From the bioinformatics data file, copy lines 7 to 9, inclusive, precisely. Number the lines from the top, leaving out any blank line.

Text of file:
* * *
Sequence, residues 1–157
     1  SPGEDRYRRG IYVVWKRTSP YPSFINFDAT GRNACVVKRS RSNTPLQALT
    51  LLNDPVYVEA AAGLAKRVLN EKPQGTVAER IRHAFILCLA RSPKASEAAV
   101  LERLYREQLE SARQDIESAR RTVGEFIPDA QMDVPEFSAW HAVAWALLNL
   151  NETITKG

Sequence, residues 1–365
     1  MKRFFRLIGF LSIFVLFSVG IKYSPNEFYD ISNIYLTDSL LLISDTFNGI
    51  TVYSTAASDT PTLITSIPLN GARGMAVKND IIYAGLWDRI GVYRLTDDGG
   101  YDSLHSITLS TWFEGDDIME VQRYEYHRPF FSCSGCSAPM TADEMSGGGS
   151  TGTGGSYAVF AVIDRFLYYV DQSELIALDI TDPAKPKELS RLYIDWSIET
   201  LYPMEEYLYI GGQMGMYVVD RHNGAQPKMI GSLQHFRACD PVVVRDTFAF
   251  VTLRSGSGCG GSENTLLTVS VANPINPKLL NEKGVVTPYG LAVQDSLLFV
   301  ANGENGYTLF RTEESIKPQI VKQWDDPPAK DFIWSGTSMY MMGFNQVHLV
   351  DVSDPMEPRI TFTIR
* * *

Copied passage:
     1  MKRFFRLIGF LSIFVLFSVG IKYSPNEFYD ISNIYLTDSL LLISDTFNGI
    51  TVYSTAASDT PTLITSIPLN GARGMAVKND IIYAGLWDRI GVYRLTDDGG
   101  YDSLHSITLS TWFEGDDIME VQRYEYHRPF FSCSGCSAPM TADEMSGGGS